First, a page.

Compassion with Dr. James R. Doty & Erika Bennett
“Love is embracing the other, and recognizing that ultimately, the other is you. When you care for the other, you are actually caring for yourself.” —Dr. James Doty
James R. Doty, M.D. is the founder and director of the Center for Compassion and Altruism Research and Education (CCARE) at Stanford University of which His Holiness the Dalai Lama is the founding benefactor. He works with a variety of scientists from a number of disciplines examining the neural bases for compassion and altruism. Through CCARE, Dr. Doty has overseen the development of a variety of techniques, apps and programs to address issues of stress, anxiety and burnout through the lens of compassion that are used around the world and have positively changed the lives of hundreds of thousands.
He is also an adjunct professor in the Department of Neurosurgery at Stanford University School of Medicine. Dr. Doty is an inventor, entrepreneur, and philanthropist, having given support to charitable organizations supporting peace initiatives and providing healthcare throughout the world. He has supported research, provided scholarships, and endowed chairs at multiple universities.
Dr. Doty is on the Board of a number of nonprofits and is the former chairman of the Dalai Lama Foundation and the former vice-chair of the Charter for Compassion. He is the Senior Editor of the Oxford Handbook of Compassion Science and is the author of the New York Times bestseller, “Into the Magic Shop: A Neurosurgeon's Quest to Discover the Mysteries of the Brain and the Secrets of the Heart” that has now been translated into 40 languages and served as the basis for the third album, Love Yourself: Tear of famous K-pop group, BTS. Dr. Doty’s work has been cited in numerous media including The Wall Street Journal, The New York Times, The Washington Post, NBC, ABC and many others.
Erika Bennett is a 4th year medical student at Tulane School of Medicine, planning to go into Family Medicine. She grew up in Toronto, Canada and spent some time working in Shanghai, China, as well as Ottawa, Canada before moving to the US for medical school. She has an interest in the women's health and access to healthcare for the underserved. She is drawn to the topic of compassion for many reasons, one of which is that she feels more fulfilled the closer she is to working directly one-on-one with other humans and is interested in thinking about how compassion can be a driver for her work, and for community building.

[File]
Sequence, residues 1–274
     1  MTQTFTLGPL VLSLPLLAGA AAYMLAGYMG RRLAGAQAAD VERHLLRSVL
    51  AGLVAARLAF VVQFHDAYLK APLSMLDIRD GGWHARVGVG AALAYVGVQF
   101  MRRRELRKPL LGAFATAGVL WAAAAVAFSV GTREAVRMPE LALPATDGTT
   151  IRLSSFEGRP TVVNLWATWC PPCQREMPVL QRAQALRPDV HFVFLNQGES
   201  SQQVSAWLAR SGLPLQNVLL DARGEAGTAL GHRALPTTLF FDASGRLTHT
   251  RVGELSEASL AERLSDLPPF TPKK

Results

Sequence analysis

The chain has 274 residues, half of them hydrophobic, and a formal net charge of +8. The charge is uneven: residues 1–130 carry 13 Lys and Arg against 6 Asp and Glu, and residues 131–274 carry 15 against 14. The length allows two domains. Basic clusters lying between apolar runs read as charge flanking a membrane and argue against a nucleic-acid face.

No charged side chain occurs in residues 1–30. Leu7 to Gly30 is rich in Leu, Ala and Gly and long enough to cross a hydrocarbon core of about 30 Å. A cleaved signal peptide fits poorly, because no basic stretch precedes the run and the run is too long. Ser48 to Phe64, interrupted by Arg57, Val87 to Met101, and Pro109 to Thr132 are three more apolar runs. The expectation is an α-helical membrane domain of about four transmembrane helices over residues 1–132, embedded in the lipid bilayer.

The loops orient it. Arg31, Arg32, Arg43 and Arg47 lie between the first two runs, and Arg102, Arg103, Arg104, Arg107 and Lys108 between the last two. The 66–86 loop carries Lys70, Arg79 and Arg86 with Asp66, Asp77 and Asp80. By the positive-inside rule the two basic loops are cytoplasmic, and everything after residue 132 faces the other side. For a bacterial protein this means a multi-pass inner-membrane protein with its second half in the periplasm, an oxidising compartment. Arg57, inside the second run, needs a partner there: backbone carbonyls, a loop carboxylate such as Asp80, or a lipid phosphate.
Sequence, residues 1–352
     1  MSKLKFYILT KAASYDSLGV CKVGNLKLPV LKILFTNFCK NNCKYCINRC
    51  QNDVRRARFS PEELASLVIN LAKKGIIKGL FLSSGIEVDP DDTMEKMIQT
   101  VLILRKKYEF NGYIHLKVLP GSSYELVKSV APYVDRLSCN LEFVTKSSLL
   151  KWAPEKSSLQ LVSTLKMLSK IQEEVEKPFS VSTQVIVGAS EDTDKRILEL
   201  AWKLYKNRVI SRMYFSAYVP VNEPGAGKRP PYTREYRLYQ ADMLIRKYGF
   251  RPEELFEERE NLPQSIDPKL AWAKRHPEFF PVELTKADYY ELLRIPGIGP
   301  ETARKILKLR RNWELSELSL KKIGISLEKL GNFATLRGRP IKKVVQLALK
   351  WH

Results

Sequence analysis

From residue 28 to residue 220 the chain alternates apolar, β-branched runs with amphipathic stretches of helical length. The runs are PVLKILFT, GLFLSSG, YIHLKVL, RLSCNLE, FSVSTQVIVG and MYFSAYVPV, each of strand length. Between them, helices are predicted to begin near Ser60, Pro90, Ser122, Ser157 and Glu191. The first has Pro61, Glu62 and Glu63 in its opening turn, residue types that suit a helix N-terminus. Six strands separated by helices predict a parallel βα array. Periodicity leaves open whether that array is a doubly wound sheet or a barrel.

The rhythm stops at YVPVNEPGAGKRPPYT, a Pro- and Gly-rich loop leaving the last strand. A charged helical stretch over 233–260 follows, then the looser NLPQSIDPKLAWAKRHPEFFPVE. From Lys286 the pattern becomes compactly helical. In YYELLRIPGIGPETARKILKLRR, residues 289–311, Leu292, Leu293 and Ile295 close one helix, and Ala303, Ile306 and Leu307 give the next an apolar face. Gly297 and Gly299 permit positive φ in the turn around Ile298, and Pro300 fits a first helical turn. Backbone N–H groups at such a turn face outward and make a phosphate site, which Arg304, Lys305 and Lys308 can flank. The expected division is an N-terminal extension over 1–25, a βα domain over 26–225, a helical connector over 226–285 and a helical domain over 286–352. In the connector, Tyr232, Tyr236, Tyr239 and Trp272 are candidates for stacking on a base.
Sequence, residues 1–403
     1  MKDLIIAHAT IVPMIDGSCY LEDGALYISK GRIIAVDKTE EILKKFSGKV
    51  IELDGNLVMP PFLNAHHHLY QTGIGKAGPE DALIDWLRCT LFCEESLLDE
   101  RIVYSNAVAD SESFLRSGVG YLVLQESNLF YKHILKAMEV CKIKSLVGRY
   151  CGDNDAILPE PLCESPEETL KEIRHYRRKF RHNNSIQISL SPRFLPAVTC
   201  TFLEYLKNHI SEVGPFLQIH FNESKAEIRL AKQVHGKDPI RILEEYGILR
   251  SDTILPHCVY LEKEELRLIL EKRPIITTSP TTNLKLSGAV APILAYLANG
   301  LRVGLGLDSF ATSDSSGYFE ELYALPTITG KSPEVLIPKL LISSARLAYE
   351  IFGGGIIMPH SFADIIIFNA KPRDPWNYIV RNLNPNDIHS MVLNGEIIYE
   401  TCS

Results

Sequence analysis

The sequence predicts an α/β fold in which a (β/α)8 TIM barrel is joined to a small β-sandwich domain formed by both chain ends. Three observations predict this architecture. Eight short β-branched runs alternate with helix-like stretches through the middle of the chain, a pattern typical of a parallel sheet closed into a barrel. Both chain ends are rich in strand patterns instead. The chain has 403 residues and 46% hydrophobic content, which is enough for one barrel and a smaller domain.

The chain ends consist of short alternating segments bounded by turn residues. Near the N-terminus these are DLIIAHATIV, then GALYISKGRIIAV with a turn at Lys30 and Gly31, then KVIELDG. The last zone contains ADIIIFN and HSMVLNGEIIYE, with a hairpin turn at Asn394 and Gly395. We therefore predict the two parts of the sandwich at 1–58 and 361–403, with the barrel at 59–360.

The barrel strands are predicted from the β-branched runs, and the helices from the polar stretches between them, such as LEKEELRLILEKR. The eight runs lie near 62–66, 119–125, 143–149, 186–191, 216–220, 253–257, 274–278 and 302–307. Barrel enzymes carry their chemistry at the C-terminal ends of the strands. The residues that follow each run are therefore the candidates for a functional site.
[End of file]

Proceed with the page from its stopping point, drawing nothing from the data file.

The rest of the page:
A Summary of Dr. James Doty’s The Alphabet of the Heart:
C: Compassion: the recognition of the suffering of another with a desire to alleviate that suffering. This includes self-compassion.
D: Dignity. We have to look at another person and think: "They are just like me. They want what I want -- to be happy."
E: Equanimity is evenness of temperament even during difficult times, allowing for a clarity of mind and connection.
F: Forgiveness is one of the greatest gifts one can give to another, and to ourselves.
G: Gratitude: the recognition of the blessings of your life.
H: Humility: Every person has positive and negative attributes. It is only when we can look at each other as equals that we can truly connect.
I: Integrity requires intention. It requires defining and practicing your values in interactions with others.
J: Justice: recognition that within each of us there lives a desire to see that right be done.
K: Kindness: concern for others. Often thought of as the active component of compassion.
L: Love when given freely changes everyone and everything.
Peer-reviewed articles on compassion in medicine: CCARE The Center for Compassion and Altruism Research and Education
What is Self-Compassion? by The Center for Mindful Self-Compassion
Into the Magic Shop by Dr. James Doty
Compassionomics: The Revolutionary Scientific Evidence That Caring Makes a Difference by Drs. Stephen Trzeciak and Anthony Mazzarelli
The Compassionate Connection: The Healing Power of Empathy and Mindful Listening by Dr. David Rakel
Awakening Compassion at Work: The Quiet Power That Elevates People and Organizations by Dr. Monica C. Worline and Jane E. Dutton
Consider the Alphabet of the Heart, outlined above. Write down an example, from your own life, that comes to mind for each letter of the 10 included in the Alphabet. For compassion, be sure to include an example of both compassion towards another and towards yourself.
What does having an open heart mean to you?
GOAL: What would you like to open your heart to this week?
Host: Dr. Rebekah Byrne, MD
Guest: Dr. James Doty, MD
Student Interviewer: Erika Bennett
Producer: Erika Bennett
Sound Design: Timothy Knowlton
Original Music (Composed & Performed): Timothy Knowlton